As both a teenage girl and an avid foodie (the kind of foodie that eats a lot and thinks about food too much, rather than the kind of foodie that tries new things and dines out lavishly), the conflicts between food, nutrition, body image and self-love are all too real, and all to unwelcomed.
In a world where society projects a multitude of ‘ideal’ body standards for both women and men, it’s no wonder so many young adults and teenagers struggle with their confidence and the nurturing of love within and for themselves. Girls are expected not only to have the tiny waist, but to have the big bust, too – to have the big lips, prominent cheekbones, nice collarbones, slim thighs, toned legs, perfect glow, glossy hair, clear skin, no dark circles, muscular (but not too muscular) arms, and ‘flat abs’ – all without looking like we work out or monitor our food.
In film, too often the ‘ideal’ woman is both slender and sheik, yet down-to-earth and eats only hot dogs at the Basketball, eats a block of chocolate a day, and drinks way too much wine every night (though, magically, it doesn’t affect their physicality at all!) – as though being unhealthy and eating food like you don’t care about your body correlates with being cool and more attractive?
It’s a whirlwind of expectations, motivation, cravings, resentment, guilt and so much more, wherein our weight is both within and without of our control.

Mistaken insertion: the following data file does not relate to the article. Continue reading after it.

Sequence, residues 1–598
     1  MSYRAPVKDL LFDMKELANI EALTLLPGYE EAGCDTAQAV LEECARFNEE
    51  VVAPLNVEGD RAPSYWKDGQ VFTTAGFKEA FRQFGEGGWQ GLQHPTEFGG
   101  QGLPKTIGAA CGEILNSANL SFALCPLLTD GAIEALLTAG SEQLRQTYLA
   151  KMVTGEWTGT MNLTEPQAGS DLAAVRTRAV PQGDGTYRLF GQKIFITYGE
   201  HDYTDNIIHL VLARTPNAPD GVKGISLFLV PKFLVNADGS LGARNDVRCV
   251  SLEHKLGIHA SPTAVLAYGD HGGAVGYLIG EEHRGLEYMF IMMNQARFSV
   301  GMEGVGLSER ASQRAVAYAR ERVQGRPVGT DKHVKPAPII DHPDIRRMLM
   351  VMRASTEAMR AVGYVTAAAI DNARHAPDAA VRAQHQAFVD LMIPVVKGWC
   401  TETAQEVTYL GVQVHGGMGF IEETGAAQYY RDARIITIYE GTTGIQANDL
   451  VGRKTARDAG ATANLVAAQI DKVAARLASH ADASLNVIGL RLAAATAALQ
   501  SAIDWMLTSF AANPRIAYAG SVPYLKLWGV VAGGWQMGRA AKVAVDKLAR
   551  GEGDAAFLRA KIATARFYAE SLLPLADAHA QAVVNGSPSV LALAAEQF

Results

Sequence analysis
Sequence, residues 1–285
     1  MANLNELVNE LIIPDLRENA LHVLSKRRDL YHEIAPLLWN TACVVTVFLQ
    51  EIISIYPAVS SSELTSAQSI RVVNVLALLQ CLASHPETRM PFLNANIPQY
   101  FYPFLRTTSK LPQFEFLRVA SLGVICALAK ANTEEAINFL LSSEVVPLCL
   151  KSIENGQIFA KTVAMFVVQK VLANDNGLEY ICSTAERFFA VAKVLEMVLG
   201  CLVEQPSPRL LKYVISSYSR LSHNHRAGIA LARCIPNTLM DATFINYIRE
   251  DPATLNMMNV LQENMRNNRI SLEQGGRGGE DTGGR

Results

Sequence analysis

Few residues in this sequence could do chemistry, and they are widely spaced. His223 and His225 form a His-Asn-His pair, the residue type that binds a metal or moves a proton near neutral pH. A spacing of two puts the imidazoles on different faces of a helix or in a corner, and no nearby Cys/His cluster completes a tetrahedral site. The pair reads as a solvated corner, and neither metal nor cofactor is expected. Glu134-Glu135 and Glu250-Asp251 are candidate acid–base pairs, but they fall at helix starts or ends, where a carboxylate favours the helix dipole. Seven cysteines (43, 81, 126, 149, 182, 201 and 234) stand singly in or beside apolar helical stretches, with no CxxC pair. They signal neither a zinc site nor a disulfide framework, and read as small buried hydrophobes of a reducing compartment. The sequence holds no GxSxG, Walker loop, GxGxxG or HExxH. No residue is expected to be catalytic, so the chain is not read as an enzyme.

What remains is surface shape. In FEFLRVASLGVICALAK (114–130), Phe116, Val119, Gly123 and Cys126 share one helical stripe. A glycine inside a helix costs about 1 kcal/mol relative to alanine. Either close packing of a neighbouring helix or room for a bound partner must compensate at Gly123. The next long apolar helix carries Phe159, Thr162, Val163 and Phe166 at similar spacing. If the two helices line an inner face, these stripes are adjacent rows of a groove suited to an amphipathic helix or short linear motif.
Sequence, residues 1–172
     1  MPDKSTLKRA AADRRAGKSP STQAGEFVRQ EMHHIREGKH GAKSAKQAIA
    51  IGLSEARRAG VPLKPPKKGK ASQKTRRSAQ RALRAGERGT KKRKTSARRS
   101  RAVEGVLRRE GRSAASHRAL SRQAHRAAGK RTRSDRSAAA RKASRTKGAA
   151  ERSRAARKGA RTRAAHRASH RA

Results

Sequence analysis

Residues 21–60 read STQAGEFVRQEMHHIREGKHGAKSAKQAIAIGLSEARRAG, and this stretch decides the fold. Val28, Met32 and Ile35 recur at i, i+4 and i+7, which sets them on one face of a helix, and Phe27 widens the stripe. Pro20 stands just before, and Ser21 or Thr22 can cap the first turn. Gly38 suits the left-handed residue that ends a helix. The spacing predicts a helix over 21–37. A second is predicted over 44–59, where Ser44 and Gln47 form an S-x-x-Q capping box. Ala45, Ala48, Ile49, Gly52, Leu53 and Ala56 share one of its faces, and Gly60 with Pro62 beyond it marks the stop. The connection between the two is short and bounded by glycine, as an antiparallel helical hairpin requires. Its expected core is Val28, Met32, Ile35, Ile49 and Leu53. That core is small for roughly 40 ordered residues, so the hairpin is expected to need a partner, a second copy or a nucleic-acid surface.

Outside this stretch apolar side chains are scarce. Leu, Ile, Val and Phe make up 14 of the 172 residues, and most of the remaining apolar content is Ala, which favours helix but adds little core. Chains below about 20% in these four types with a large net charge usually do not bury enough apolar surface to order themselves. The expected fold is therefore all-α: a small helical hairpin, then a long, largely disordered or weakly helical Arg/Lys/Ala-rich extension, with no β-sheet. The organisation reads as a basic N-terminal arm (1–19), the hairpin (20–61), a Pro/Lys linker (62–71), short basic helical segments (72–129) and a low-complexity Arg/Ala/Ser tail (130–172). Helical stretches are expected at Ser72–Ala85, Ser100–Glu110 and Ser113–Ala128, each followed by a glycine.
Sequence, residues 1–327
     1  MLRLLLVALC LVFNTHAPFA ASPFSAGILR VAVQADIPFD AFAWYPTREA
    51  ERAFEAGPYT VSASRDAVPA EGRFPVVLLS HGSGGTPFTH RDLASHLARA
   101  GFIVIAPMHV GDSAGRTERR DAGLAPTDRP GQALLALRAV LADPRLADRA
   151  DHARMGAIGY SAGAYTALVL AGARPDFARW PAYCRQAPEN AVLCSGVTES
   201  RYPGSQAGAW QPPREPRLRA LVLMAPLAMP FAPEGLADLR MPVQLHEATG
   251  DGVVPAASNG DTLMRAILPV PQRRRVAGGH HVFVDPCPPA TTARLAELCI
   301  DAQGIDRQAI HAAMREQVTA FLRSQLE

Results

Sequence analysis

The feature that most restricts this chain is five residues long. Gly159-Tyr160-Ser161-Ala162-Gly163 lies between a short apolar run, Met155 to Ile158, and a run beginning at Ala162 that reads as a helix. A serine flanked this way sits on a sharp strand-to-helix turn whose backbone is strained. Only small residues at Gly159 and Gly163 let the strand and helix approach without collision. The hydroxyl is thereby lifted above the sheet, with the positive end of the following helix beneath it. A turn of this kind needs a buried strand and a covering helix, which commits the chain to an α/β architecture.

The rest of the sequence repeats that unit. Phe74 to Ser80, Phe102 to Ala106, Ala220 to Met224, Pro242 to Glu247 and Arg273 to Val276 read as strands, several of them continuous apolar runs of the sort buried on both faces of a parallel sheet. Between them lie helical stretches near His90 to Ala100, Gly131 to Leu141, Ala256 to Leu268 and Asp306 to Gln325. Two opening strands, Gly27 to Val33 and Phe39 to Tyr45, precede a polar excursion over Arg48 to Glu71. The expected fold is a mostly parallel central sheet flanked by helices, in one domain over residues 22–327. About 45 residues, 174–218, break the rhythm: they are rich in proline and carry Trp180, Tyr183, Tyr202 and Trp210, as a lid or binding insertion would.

However, at the end of the day, what you eat really is up to you, and furthermore, really can control how you feel about yourself.
Personally, through trying to eat clean and monitor my nutrient consumption, I have found that my reasons for consciously eating ‘healthy’ foods have changed over time. While a few years ago, I may have increased my intake of fruits and vegetables with the goal of looking great – but this was unsustainable. The only reason I continue to eat clean and invest in fresh produce each week, is because the right foods make me feel good.
Yes, I feel more energized, awake, focused, satisfied, whole – but most importantly, I feel more confident. My physique hasn’t changed much, my skin remains problematic at times, my stomach is still miles away from those ‘flat abs’ – but through caring about my health rather than my appearance, I’ve come to subconsciously embrace the fact that, so long as I’m making healthy choices and eating in a way that enhances my energy, I am confident in me.
This dichotomy of food and appearance, and the common tensions between eating less and exercising more, not for your health, but for your aesthetics, exists only within your mind, and only because you let it. So long as you make decisions about your body based upon stereotypes of another’s (probably photo shopped) body, that negative undertone will always triumph. Always. Conversely, when your actions – diet, exercise, sleep, organization, focus – are motivated by a deeper goal for feeling healthy and exuding radiance; that is when your self-love and appreciation will arrive.
You are already there, physically – wherever you stand right now is exactly the right place to be.
Choose your foods wisely and enjoy the taste of whole foods and authentic, plant-based nutrition. In doing so, you are choosing to be you, and not the girl in the commercial; this is all the strength you will ever want, and ever need.